Is literature next in line for virtual-reality treatment?

STEPPING through the curtains, Michael Syrovatka screams and lurches backwards. In the real world, he is on the first floor of the Goethe-Institut (GI) in Prague. In the virtual one created by his headset, he has just looked into a mirror to find he has turned into a giant insect. “I jumped when I saw myself,” Mr Syrovatka says, as other pupils from Prague’s Austrian Grammar School take turns in the installation. They had arrived sullenly, expecting a lecture. Soon they are chattering about how it feels to be Gregor Samsa.

“The opening of ‘The Metamorphosis’ is a nightmare,” says Mika Johnson, a lecturer at Prague Film School and a Franz Kafka fanatic. In Kafka’s story Gregor wakes to find himself transformed into a speechless bug. His family bangs on the door, pleading with him to respond.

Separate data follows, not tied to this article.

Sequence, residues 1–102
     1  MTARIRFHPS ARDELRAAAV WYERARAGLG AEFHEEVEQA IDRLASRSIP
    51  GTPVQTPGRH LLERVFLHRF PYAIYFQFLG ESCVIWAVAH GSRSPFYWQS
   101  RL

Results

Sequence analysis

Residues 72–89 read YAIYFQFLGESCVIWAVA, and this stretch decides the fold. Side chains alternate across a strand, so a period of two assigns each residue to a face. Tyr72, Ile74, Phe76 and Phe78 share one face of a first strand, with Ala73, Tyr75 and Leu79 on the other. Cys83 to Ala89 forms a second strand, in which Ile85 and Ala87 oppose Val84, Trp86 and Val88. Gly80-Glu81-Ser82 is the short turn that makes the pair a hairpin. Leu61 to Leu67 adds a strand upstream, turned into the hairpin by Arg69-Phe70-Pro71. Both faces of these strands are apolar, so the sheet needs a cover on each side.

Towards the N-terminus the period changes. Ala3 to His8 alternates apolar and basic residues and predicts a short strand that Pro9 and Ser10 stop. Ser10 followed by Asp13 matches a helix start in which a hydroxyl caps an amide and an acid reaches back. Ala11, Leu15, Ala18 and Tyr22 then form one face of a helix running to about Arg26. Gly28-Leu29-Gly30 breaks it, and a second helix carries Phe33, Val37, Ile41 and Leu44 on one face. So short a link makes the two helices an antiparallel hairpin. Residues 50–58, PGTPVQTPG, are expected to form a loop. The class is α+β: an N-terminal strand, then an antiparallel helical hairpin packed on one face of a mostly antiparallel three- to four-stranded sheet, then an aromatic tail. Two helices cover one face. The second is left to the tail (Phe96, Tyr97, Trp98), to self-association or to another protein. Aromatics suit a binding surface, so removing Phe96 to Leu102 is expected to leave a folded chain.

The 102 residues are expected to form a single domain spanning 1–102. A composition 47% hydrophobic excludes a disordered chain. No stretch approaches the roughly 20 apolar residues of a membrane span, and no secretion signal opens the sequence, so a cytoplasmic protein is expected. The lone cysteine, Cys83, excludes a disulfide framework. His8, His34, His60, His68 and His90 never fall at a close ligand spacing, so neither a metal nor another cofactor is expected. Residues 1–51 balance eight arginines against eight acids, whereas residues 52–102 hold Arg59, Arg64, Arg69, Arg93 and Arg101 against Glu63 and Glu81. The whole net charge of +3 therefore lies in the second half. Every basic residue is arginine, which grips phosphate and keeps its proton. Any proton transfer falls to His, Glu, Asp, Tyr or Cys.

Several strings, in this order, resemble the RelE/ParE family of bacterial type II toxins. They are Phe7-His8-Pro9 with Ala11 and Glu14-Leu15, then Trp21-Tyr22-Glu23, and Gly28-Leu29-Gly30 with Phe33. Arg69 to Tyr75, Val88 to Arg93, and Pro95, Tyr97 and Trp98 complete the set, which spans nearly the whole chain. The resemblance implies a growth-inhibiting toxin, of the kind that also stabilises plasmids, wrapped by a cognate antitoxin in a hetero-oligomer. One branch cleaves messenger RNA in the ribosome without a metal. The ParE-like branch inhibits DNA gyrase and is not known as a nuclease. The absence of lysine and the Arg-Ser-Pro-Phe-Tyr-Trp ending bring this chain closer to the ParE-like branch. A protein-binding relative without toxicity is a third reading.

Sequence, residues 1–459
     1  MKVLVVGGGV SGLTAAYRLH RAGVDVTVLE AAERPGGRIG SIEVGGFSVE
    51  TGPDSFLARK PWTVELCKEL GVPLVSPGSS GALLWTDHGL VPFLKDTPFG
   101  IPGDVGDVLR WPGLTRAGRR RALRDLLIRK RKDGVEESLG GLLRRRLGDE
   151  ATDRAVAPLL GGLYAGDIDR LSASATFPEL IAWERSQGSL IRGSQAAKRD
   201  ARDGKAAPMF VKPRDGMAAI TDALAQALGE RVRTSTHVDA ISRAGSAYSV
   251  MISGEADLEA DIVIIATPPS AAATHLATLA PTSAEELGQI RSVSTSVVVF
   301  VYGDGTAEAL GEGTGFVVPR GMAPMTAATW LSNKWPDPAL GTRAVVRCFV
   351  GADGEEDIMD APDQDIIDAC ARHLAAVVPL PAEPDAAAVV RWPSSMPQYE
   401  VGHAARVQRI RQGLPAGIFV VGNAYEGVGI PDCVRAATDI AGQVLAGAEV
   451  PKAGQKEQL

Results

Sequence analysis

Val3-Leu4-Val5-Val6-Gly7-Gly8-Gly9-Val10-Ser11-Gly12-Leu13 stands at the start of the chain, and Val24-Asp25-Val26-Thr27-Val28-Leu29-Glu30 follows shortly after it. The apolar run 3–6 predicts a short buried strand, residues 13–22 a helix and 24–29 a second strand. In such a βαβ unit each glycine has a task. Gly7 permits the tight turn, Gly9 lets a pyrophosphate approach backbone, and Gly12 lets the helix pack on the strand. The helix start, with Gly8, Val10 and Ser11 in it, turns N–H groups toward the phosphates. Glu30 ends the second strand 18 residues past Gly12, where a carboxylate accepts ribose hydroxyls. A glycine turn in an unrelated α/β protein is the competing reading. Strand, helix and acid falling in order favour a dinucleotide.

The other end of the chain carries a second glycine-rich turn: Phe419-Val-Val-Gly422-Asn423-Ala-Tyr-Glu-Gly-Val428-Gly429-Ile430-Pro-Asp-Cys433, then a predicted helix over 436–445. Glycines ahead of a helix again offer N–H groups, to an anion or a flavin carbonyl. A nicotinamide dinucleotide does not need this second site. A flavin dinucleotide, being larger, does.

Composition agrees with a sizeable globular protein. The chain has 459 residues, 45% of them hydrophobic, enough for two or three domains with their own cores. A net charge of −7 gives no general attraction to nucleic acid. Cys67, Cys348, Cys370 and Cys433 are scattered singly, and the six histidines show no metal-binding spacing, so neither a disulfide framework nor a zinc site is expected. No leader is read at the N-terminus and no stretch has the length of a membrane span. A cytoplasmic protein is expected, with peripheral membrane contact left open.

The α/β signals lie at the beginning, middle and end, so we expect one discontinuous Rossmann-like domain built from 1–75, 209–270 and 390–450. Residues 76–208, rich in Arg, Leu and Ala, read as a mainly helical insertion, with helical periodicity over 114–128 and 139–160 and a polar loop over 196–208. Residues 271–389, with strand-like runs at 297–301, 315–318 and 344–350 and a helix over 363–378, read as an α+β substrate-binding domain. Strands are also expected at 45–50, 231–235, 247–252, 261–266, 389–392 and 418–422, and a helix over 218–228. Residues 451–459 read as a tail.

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Mike Rawson

Mike Rawson has recently re-awoken a long-standing interest in robots and our automated future. He lives in London with a single android - a temperamental vacuum cleaner - but is looking forward to getting more cyborgs soon.

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Is literature next in line for virtual-reality treatment?

by Mike Rawson time to read: 1 min
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